Authorities have charged four Wolf Point High School students who police say were involved in the window shooting incidents during November and December that resulted in thousands of dollars in damages from BB or pellet gun holes in windows in houses, cars, trucks and at least one motorhome.
Wolf Point Police Sgt. Ryan Michaelsen said the last two male juveniles ― ages 16 and 17 ― were cited into Fort Peck Tribes Youth Court for criminal mischief Tuesday, April 28.
Two other male juveniles, ages 16 and 17, were cited into state youth court March 14 for criminal mischief.
The Wolf Point Police Department did not identify the youth.
Written by Herald-News
A Wolf Point man took a 10-year-old pickup for a test drive from High Plains Motors all the way to Helena.
The Wolf Point Police Department reported that the man, who has not been identified, asked High Plains Motors if he could test drive the 2005 GMC crew cab pickup. The man failed to return the truck and the dealership reported it missing.
Police Chief Jeff Harada said Monday, May 4, that the Montana Highway Patrol recovered the missing pickup in Helena.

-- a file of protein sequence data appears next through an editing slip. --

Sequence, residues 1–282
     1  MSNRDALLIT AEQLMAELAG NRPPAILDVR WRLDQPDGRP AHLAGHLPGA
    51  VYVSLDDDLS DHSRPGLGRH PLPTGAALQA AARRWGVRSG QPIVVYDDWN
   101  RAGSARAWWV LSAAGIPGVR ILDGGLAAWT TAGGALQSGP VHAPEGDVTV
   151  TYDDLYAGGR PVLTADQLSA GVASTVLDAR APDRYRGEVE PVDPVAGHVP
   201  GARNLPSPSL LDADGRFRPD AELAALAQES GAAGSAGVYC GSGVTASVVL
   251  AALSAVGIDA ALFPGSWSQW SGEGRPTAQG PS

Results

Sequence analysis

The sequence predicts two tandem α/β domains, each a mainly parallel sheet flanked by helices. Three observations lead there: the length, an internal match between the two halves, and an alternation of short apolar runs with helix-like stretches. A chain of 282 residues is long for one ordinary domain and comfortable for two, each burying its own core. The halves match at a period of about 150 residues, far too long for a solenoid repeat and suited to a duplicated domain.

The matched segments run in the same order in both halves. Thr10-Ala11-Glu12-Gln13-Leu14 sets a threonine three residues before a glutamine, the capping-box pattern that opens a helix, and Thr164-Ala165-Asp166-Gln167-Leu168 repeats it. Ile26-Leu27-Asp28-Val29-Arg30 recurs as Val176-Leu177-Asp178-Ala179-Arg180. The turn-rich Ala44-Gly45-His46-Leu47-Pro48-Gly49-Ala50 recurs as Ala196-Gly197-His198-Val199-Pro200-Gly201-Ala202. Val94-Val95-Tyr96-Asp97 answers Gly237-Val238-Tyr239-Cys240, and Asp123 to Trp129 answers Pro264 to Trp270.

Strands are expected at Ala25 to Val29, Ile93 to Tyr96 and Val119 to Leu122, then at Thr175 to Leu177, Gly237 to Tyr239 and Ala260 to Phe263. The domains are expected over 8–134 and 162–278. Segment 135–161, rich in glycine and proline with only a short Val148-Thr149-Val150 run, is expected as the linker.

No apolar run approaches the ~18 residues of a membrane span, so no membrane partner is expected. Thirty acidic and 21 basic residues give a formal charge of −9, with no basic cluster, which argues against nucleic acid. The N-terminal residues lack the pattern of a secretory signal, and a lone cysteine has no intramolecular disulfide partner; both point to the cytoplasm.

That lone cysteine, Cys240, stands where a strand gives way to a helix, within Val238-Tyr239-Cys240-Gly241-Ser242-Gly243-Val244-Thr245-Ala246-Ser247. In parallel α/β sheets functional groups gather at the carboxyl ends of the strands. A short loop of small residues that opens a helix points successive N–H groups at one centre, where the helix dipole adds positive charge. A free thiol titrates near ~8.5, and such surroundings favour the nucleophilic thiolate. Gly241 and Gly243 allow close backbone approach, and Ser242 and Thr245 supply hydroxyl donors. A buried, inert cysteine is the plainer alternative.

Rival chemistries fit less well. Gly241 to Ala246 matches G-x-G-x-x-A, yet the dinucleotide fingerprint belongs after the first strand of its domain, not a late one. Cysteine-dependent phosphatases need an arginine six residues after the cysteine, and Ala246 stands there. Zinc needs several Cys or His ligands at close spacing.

Harada said charges were pending against the Wolf Point man.
Written by Herald-News
A Glasgow man accused of killing a golden eagle pleaded not guilty during an arraignment Tuesday, April 21, before U.S. Magistrate Judge John T. Johnston in Great Falls.
A federal grand jury indicted Keith Morehouse, 30, for unlawful taking of a golden eagle.
If convicted, Morehouse faces a possible one year in federal prison and $100,000 in fines.
The United States Fish and Wildlife Service investigated the case.
Written by John Plestina
District Judge David Cybulski sentenced three people to sentences that that include fines and probation, but avoid prison as long as they stay out of trouble during law and motion proceedings in 15th District Court Wednesday, April 29.